A reason why you might typically use outdoor armored cable are for building to building runs on a school campus or facilities with larger distances between buildings. Outdoor armored fiber will ensure that your fiber is protected from most elements with little to no damage or latency to your signal.
Indoor Fiber BX Cable
The body of the indoor armored fiber cable is obviously meant for indoor use. It’s designed with a more flexible PVC jacket and is colored depending on the type of fiber mode you purchase. Indoor fiber is usually OM1, OM3, or OM4 fiber, also known as Multimode. Multimode sends multiple light signals for shorter distances. The jacket for indoor fiber also comes in plenum and riser varieties. Riser cables are most commonly used and found in areas where cable travels up a building and can be used as the main form of cabling in smaller buildings. Plenum on the other hand, is cabling that is used in plenum air spaces or areas of a building where unseen fires might occur. This cable is also reserved for taller multi-story buildings. These are required in building codes. For more information on Jacket varieties, check out our blog on Fiber Cable Jackets. The indoor fiber mc cable is made up of the aluminum casing which spirals around the fibers. Underneath the aluminum casing, you will find some water blocking tape which expands if moisture makes it through the jacket. Within the water blocking tape, you will find the fiber cores which are tight-buffered. Unlike the outdoor armored cable, the indoor cable’s tight-buffering makes fiber organization easier. Just like with the outdoor fiber, the indoor armored fiber is meant to deter creatures such as rodents from chewing on the fiber cores. Because indoor cable is meant to be shifted and moved constantly, the PVC jacket and cores inside are meant to be a lot more flexible than the outdoor armored fiber cable. If you’re interested in a solid choice for indoor armored fiber optic cable, then we carry a variety of great options from Corning. Our recommendation would be the Plenum OM4 Armored Cable varieties.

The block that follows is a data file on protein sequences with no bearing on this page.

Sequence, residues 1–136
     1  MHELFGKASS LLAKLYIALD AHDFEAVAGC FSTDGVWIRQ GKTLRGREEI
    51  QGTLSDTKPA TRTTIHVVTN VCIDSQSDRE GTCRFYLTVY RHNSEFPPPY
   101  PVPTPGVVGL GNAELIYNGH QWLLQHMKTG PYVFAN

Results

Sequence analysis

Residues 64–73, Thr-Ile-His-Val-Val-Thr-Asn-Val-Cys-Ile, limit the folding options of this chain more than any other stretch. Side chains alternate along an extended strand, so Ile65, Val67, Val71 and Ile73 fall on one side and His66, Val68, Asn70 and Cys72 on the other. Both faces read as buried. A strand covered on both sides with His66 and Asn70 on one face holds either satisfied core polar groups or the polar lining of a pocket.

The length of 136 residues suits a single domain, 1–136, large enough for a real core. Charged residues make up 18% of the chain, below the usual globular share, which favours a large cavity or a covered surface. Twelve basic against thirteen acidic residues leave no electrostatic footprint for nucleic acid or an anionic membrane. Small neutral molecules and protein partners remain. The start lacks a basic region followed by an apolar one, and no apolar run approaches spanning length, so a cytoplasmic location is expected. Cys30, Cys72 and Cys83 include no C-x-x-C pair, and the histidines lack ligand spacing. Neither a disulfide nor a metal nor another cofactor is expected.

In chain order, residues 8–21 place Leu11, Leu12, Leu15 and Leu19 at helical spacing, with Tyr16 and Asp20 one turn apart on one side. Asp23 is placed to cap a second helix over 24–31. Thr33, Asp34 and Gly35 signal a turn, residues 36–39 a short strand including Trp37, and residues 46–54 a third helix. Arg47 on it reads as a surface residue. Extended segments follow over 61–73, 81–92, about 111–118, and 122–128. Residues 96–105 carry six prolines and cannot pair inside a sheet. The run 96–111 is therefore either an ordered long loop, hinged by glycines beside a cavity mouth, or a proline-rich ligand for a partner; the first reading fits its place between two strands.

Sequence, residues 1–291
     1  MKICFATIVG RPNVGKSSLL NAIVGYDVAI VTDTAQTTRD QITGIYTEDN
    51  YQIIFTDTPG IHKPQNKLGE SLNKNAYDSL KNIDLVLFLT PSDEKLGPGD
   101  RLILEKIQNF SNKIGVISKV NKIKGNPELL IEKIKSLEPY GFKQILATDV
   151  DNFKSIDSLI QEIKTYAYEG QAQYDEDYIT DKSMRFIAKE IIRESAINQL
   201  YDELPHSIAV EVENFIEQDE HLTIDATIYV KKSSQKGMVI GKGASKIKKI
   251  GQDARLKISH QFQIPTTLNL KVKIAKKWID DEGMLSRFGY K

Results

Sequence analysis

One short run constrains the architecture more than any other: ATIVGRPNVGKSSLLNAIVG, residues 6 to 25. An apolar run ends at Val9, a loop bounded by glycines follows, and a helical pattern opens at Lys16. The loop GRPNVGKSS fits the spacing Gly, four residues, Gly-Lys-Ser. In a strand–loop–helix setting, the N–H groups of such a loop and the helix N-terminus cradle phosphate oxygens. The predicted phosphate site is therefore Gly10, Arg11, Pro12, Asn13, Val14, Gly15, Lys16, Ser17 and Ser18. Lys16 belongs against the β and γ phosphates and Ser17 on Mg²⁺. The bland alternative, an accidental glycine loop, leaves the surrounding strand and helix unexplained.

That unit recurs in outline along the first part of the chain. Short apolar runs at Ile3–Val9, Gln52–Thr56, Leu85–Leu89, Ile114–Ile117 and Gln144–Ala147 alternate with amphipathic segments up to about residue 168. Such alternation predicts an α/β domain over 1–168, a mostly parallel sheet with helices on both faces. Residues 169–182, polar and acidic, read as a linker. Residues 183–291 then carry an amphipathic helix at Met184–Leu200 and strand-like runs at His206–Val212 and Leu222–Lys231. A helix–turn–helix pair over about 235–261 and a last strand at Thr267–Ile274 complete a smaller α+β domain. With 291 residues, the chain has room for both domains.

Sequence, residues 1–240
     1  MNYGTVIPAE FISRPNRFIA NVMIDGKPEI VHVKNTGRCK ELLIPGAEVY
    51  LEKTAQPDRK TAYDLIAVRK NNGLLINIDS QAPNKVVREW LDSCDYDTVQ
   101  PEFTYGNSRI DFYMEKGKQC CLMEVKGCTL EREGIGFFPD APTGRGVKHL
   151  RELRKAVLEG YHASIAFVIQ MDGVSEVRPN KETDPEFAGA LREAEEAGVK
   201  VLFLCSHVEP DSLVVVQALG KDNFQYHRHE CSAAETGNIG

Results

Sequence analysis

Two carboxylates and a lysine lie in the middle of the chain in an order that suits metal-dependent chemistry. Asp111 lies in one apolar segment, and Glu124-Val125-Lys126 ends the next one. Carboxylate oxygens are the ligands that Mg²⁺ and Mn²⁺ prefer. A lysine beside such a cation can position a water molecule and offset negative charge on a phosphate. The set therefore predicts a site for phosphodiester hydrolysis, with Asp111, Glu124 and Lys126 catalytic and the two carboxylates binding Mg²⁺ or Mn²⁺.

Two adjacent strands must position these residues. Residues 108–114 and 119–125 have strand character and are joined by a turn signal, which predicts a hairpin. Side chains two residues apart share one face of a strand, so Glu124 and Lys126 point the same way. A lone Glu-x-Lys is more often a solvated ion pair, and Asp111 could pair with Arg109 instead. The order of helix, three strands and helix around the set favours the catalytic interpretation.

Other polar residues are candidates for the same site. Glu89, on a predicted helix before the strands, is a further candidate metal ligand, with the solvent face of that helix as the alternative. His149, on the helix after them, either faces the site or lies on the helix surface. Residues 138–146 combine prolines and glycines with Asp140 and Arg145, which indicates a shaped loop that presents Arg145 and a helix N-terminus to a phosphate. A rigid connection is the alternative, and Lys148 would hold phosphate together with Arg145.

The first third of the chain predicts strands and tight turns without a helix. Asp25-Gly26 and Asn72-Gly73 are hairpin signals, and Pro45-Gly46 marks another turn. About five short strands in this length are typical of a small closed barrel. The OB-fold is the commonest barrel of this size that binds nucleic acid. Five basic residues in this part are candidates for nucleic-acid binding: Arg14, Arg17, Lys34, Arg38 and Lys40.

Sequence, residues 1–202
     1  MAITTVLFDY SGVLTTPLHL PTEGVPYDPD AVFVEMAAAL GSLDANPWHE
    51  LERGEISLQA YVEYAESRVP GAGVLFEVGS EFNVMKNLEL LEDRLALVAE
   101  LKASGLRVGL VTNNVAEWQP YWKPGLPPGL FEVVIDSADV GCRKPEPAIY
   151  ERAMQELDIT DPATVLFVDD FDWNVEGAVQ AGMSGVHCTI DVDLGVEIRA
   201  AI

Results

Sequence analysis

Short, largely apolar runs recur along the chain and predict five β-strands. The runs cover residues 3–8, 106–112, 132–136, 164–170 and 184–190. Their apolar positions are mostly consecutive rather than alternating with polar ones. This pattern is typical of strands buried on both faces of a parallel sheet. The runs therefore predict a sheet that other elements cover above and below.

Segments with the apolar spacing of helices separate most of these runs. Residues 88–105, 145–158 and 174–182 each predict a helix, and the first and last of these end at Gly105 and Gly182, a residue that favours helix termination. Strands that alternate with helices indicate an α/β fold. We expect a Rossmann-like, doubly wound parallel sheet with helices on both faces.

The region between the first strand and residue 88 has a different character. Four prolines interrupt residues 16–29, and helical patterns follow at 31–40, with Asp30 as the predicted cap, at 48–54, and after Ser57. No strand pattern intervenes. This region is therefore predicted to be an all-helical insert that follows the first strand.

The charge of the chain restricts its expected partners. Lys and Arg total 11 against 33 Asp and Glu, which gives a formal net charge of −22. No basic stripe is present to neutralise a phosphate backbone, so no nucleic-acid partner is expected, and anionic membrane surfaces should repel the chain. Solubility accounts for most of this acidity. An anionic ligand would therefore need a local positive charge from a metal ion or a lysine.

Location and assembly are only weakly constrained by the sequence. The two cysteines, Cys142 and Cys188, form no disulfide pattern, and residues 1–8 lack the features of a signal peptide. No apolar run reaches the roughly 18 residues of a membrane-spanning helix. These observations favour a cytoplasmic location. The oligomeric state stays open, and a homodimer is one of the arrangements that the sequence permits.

Working With Armored Cable
One of the common complaints that most people have with using armored cable is that they can’t figure out how to cut it open, or strip it once it’s cut. While you may be able to get away with cutting a copper wire cable with a hacksaw, fiber cable requires a little more care. Cutting fiber with the wrong tools could crack the glass and ruin it’s usability. The jacket and armor itself can be cut off with a cable stripping tool but for the fiber itself, it’s recommended that you use a special cutter called a cleaver. Fiber cleavers ensure that the fibers are cut to the desired length without the fear of broken or damaged glass cores. These may be a bit on the pricier side, but will save you time and money trying to find an alternative.